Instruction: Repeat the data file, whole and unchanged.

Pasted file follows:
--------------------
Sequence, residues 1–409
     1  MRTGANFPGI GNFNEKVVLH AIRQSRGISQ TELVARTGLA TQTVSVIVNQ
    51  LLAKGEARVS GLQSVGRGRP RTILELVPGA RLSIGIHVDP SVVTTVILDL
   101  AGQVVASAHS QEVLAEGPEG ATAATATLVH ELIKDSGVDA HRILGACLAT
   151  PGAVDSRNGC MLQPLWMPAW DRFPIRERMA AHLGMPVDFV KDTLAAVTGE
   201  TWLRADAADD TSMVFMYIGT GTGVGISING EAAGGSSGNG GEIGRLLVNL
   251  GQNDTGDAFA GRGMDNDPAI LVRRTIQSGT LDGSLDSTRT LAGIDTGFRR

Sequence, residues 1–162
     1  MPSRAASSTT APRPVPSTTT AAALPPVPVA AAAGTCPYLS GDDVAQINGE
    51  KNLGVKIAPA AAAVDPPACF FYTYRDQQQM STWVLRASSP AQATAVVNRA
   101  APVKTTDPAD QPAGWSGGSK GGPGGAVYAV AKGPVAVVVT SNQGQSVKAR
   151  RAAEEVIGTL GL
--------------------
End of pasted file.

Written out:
Sequence, residues 1–409
     1  MRTGANFPGI GNFNEKVVLH AIRQSRGISQ TELVARTGLA TQTVSVIVNQ
    51  LLAKGEARVS GLQSVGRGRP RTILELVPGA RLSIGIHVDP SVVTTVILDL
   101  AGQVVASAHS QEVLAEGPEG ATAATATLVH ELIKDSGVDA HRILGACLAT
   151  PGAVDSRNGC MLQPLWMPAW DRFPIRERMA AHLGMPVDFV KDTLAAVTGE
   201  TWLRADAADD TSMVFMYIGT GTGVGISING EAAGGSSGNG GEIGRLLVNL
   251  GQNDTGDAFA GRGMDNDPAI LVRRTIQSGT LDGSLDSTRT LAGIDTGFRR

Sequence, residues 1–162
     1  MPSRAASSTT APRPVPSTTT AAALPPVPVA AAAGTCPYLS GDDVAQINGE
    51  KNLGVKIAPA AAAVDPPACF FYTYRDQQQM STWVLRASSP AQATAVVNRA
   101  APVKTTDPAD QPAGWSGGSK GGPGGAVYAV AKGPVAVVVT SNQGQSVKAR
   151  RAAEEVIGTL GL